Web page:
For decades, he delighted audiences with his catchy songs and flashy moves. Little Richard is rightly considered a rock and roll pioneer and has influenced artists across several other genres, including funk, hip hop, and R&B.

Here are some fascinating facts you may not know about the music legend.

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He was born Richard Wayne Penniman on Dec. 5, 1932, in Macon, Ga., the third of 12 children. As a boy, he was nicknamed Little Richard for his small, skinny frame.

Little Richard got his start in church choirs and counted gospel singers among his earliest influences. His love for performing was born when one of his idols, Sister Rosetta Tharpe, invited him onstage to sing during her October 1947 concert at Macon City Auditorium; Little Richard worked at the venue, selling Coca-Cola to patrons.

Within a few years, he began performing in Atlanta, where he caught the eye of fellow showman Billy Wright. Wright put Little Richard in touch with his manager, Zenas Sears, who helped him get a recording contract with RCA Victor. His first single, “Every Hour,” was a hit in Georgia, but he left RCA in 1952 after failing to chart elsewhere, then fell into poverty.

Little Richard’s big break came in 1955, when he was signed to Specialty Records and recorded a risqué song about sex. It was rewritten to make it more radio-friendly, dubbed “Tutti Frutti,” released in November, and hit No. 2 on the R&B charts. Little Richard’s follow-up single, “Long Tall Sally,” reached No. 1. Both songs also charted in the United Kingdom and sold a million copies. By late 1956, he was wealthy, with nine U.S. hits to his name.

However, he never forgot his childhood dream of joining the church. In 1957, he left the music business to enroll in Oakwood Theological College in Huntsville, Ala., with the goal of becoming a minister. Then, the British Invasion — where U.K. bands such as the Beatles, the Rolling Stones, the Animals, the Hollies, and the Yardbirds charted hit after hit in America — lured Little Richard back to rock and roll. (He did eventually earn his BA in Theological Studies and become a Seventh Day Adventist minister.)

Little Richard married Ernestine Harvin in July 1959. Three years later, they adopted a 1-year-old boy, Danny Jones, the son of a church friend who passed away. The couple divorced in 1963. It was Little Richard’s only marriage.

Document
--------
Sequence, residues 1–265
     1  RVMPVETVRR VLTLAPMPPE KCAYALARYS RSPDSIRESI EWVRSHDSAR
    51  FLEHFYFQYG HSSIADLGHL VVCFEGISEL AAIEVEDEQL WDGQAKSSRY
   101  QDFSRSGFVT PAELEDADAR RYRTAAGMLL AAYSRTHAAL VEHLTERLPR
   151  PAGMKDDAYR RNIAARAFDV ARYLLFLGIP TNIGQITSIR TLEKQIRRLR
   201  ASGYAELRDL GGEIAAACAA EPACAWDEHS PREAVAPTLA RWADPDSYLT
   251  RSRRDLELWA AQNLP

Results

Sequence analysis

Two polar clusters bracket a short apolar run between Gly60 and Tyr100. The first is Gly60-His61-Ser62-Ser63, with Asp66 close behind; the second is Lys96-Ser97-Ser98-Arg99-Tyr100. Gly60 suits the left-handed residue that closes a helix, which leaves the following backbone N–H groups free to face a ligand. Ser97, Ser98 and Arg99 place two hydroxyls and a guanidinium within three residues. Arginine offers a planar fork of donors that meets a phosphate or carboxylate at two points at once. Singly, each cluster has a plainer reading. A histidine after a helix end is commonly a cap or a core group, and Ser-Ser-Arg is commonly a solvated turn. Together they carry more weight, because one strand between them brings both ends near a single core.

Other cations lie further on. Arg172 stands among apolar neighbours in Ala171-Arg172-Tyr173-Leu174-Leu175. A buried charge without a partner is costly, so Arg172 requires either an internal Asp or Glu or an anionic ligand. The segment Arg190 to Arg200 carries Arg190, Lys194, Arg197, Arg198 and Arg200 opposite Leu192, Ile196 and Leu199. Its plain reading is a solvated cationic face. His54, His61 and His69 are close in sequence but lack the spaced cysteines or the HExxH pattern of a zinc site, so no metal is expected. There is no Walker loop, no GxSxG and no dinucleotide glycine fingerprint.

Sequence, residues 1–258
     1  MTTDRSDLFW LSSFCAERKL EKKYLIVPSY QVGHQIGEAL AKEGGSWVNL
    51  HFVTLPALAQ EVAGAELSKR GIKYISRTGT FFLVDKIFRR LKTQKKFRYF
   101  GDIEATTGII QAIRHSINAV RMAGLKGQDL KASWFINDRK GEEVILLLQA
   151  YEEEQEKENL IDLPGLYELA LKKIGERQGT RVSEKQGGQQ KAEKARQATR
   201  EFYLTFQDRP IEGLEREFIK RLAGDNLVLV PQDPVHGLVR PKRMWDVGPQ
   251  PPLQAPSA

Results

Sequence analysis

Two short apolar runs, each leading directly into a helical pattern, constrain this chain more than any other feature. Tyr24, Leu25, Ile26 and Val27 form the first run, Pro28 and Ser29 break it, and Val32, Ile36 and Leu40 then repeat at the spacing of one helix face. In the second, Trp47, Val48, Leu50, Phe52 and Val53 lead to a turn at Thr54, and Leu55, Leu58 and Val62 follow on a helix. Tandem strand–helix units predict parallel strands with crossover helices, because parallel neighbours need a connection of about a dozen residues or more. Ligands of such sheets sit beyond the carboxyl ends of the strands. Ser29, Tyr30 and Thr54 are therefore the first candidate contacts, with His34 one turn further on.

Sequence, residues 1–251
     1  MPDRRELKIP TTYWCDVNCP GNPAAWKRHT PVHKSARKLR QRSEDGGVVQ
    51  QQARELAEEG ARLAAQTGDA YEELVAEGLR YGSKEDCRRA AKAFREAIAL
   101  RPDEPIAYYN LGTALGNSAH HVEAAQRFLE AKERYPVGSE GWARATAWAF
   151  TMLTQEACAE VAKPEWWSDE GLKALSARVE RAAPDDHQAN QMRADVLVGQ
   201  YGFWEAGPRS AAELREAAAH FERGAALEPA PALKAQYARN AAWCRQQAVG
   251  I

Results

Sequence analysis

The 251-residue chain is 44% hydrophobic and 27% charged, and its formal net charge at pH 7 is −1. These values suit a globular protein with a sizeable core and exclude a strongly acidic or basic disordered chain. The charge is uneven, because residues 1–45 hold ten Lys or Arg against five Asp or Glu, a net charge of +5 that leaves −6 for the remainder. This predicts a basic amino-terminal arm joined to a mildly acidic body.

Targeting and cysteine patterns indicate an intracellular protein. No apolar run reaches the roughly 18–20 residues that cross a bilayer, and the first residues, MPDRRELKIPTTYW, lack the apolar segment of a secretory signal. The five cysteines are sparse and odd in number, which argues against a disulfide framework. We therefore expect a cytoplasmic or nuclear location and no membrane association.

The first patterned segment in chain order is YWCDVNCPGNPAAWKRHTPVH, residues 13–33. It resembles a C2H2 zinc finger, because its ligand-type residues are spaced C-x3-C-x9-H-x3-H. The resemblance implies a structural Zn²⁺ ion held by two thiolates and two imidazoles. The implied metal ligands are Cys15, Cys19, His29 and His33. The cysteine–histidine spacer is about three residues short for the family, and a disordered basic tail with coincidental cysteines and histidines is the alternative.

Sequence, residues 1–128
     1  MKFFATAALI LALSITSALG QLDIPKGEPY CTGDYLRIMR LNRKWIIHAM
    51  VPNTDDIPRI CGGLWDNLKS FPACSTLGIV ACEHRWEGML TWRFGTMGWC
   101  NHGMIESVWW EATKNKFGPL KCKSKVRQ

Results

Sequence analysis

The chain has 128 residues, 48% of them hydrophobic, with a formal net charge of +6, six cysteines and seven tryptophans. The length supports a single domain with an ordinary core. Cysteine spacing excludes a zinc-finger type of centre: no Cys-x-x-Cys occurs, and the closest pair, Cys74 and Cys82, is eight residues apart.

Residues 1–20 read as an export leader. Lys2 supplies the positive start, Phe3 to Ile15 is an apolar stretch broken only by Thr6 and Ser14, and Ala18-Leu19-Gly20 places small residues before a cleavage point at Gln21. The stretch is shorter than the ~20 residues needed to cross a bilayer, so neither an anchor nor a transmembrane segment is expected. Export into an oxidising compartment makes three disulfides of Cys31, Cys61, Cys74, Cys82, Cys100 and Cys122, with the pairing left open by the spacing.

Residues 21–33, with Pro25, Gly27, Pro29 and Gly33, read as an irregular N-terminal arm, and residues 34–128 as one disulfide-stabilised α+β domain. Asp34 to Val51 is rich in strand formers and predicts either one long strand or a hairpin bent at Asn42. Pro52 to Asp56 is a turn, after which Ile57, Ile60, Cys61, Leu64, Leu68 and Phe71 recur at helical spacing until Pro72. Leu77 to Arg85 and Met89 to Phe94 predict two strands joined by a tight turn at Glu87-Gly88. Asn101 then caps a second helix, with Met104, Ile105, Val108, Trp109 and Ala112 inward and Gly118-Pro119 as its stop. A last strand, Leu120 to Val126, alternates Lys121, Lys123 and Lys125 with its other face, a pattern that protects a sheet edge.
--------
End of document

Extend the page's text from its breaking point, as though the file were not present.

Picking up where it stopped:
Questions of Little Richard’s sexuality have come up several times throughout his life, and his answers vary. In a 1995 interview, he claimed he’s been “gay all my life,” but a decade later, he described himself as “omnisexual,” saying, “Sex to me is like a smörgåsbord. Whatever I feel like, I go for.” His devotion to God and the church played a part in his struggle with his sexual identity.

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In 1986, Little Richard and nine other music legends — including Chuck Berry, James Brown, Ray Charles, Sam Cooke, Buddy Holly, and Elvis Presley — made up the inaugural class of inductees into the Rock and Roll Hall of Fame. Unfortunately, a car accident caused him to miss the induction ceremony.

President Bill Clinton is such a big fan, he invited Little Richard to perform at his 1993 inauguration. That same year, Little Richard received a Grammy Lifetime Achievement Award.

Little Richard, a TV movie about his life, debuted on NBC in 2000. Its star, Leon, was nominated for an NAACP Image Award for his portrayal of the musician.

Some now-legendary performers, such as James Brown and Jimi Hendrix, began their careers working as backing musicians for Little Richard. Rolling Stones frontman Mick Jagger described him as “my first idol.” And Bobby Zimmerman, a 1959 graduate of Hibbing High School in Hibbing, Minn., wrote in the school yearbook that his life’s goal was to “join Little Richard.” Today, Zimmerman is known to the world as Bob Dylan.

A botched hip surgery in 2009 left Little Richard confined to a wheelchair, but he still makes the occasional public appearance. In October 2017, at age 84, he told Three Angels Broadcasting Network that he intends to dedicate the rest of his life to God, saying, “I don’t want to sing rock and roll no more… I want to be holy like Jesus.”

Beth Sawicki About the author:
Beth Sawicki is a content editor at Rare. Email her at
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